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محتوای ارائه شده توسط Alex Murray and Ubuntu Security Team. تمام محتوای پادکست شامل قسمت‌ها، گرافیک‌ها و توضیحات پادکست مستقیماً توسط Alex Murray and Ubuntu Security Team یا شریک پلتفرم پادکست آن‌ها آپلود و ارائه می‌شوند. اگر فکر می‌کنید شخصی بدون اجازه شما از اثر دارای حق نسخه‌برداری شما استفاده می‌کند، می‌توانید روندی که در اینجا شرح داده شده است را دنبال کنید.https://fa.player.fm/legal
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Episode 216

21:16
 
اشتراک گذاری
 

Manage episode 389630000 series 2423058
محتوای ارائه شده توسط Alex Murray and Ubuntu Security Team. تمام محتوای پادکست شامل قسمت‌ها، گرافیک‌ها و توضیحات پادکست مستقیماً توسط Alex Murray and Ubuntu Security Team یا شریک پلتفرم پادکست آن‌ها آپلود و ارائه می‌شوند. اگر فکر می‌کنید شخصی بدون اجازه شما از اثر دارای حق نسخه‌برداری شما استفاده می‌کند، می‌توانید روندی که در اینجا شرح داده شده است را دنبال کنید.https://fa.player.fm/legal

Overview

For the final episode of 2023 we discuss creating PoCs for vulns in tar and the looming EOL for Ubuntu 23.04, plus we look into security updates for curl, BlueZ, Netatalk, GNOME Settings and a heap more.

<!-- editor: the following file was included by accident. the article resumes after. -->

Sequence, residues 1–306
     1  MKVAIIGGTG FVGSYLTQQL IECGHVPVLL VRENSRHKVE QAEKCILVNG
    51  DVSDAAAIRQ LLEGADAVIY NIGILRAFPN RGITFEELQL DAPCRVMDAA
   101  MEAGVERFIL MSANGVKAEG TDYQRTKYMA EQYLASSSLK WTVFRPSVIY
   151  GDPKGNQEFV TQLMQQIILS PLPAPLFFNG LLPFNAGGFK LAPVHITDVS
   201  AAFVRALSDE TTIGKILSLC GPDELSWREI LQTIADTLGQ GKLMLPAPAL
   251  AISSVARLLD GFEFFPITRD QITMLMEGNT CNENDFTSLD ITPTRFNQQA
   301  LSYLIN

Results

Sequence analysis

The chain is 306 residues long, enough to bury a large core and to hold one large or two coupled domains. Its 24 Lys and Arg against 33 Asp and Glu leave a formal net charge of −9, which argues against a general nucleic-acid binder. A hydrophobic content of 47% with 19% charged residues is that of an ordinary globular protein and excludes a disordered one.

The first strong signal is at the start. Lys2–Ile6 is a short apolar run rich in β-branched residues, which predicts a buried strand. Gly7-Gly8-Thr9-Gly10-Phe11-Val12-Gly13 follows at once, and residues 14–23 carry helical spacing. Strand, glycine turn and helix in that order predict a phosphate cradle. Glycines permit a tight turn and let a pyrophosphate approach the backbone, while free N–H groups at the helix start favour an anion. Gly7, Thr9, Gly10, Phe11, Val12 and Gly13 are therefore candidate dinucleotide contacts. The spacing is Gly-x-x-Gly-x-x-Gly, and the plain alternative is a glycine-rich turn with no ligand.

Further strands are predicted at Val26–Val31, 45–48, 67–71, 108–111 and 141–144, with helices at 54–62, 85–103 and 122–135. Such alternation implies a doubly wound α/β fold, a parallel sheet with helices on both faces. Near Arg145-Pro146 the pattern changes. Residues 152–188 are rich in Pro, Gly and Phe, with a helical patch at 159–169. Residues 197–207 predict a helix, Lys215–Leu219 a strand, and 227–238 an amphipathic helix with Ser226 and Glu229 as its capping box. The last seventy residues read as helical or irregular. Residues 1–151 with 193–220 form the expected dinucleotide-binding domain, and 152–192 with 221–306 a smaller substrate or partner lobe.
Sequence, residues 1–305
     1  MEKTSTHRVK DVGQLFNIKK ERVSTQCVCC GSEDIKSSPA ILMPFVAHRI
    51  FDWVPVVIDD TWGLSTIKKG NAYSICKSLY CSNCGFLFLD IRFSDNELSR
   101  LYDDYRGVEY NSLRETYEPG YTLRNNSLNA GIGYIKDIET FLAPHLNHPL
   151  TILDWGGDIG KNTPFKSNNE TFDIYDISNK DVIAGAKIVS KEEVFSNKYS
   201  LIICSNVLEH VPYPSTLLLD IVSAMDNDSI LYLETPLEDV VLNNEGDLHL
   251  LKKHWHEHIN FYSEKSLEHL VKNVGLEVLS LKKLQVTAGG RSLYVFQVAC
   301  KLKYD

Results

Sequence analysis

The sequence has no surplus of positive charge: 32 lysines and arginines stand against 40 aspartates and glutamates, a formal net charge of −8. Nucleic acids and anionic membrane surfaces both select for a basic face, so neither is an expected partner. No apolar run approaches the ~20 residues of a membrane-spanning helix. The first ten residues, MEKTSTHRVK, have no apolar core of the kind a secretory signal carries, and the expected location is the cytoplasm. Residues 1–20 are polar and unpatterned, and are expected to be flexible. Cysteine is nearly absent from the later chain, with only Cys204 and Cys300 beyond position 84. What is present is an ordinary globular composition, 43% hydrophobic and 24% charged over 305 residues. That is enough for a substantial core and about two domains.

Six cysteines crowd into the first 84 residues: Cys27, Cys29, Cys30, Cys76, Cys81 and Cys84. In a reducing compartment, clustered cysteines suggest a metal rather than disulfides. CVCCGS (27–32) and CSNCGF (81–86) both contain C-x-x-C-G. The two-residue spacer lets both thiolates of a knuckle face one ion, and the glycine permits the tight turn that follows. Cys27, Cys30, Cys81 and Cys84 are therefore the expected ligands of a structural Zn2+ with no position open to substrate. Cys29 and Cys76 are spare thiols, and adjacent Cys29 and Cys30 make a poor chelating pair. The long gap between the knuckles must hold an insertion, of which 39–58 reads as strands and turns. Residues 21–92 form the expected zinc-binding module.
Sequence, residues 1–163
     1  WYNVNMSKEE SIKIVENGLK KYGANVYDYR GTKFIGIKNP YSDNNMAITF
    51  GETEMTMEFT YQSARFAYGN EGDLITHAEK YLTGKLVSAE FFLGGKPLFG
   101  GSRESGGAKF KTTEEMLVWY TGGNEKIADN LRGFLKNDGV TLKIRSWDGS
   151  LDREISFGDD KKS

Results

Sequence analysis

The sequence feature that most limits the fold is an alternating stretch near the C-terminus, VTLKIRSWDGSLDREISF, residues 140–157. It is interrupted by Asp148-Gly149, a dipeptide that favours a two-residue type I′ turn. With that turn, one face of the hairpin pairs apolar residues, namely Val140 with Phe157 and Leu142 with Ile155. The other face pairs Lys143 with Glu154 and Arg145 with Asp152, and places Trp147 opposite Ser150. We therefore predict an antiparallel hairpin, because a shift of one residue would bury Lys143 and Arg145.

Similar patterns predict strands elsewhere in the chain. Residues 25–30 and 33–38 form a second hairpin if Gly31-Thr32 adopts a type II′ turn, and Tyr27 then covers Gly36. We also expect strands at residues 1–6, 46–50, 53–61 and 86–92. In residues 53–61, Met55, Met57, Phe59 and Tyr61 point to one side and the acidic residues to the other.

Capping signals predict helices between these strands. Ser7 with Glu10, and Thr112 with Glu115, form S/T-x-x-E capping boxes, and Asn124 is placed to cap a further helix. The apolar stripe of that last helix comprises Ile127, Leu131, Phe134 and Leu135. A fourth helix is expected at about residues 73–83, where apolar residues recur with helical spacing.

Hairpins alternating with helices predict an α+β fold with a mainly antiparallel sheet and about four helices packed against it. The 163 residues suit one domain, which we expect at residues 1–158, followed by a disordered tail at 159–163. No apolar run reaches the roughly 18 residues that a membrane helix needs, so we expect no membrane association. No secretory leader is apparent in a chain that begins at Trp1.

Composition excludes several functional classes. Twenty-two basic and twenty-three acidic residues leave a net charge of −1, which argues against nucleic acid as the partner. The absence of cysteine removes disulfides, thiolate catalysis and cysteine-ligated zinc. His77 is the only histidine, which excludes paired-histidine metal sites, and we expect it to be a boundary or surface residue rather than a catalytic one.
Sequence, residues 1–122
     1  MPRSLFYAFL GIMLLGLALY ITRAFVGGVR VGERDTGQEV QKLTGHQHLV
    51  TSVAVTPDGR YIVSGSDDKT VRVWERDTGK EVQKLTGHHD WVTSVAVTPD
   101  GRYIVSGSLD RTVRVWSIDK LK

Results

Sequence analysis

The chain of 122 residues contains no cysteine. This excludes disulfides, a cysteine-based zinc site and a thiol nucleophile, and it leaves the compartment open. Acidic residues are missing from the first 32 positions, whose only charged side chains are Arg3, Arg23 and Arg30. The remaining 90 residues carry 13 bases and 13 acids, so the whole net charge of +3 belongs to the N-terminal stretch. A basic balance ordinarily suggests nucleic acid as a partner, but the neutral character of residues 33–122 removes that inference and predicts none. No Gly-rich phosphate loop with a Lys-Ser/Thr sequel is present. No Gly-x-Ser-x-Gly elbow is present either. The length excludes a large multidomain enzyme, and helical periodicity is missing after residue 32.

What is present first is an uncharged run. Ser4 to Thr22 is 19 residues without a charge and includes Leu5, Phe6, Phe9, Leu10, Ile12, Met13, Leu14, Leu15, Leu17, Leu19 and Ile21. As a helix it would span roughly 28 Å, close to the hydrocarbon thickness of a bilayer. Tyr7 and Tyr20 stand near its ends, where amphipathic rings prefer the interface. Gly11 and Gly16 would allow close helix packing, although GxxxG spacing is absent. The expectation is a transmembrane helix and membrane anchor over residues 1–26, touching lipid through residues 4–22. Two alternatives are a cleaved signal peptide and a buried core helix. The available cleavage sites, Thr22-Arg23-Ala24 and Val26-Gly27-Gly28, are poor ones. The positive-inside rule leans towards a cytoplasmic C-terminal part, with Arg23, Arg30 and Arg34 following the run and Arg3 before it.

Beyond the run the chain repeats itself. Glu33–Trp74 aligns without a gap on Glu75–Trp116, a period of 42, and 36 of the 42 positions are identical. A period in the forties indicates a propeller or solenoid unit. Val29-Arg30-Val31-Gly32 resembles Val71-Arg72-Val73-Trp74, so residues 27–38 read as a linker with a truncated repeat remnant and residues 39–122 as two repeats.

This week in Ubuntu Security Updates

57 unique CVEs addressed

[USN-6535-1] curl vulnerabilities (00:54)

  • 2 CVEs addressed in Focal (20.04 LTS), Jammy (22.04 LTS), Lunar (23.04), Mantic (23.10)
  • Mishandled cookies from domains with mixed case - allowing an attacker to create so called “super cookies” that would then get passed back to more domains that what is normally allowed - ie a site can set a cookie which is then sent to different / unrelated sites. Depends on a feature called the Public Suffix List which is a community initiative (led by Mozilla) to provide an accurate list of domain name suffixes - ie. .com / .org but also .co.uk etc - since there is no good algorithmic way of determining the highest level at which a domain may be registered for a particular TLD as each registrar is different
    • so could set a cookie with domain=co.UK with a URL of say curl.co.uk and this would then get sent to every other .co.uk domain contrary to the expectations of the PSL which lists .co.uk as a PSL domain

[USN-6463-2] Open VM Tools vulnerabilities (02:56)

  • 2 CVEs addressed in Xenial ESM (16.04 ESM), Bionic ESM (18.04 ESM)
  • SAML token signature bypass - allows an attacker who already has Guest Operation Privileges within a guest VM to elevate their privileges if the VM has been assigned a more privileged Guest Alias
  • File descriptor hijack vulnerability within the vmware-user-suid wrapper - a local user with non-root privileges that is able to hijack the /dev/uinput file descriptor may be able to simulate user inputs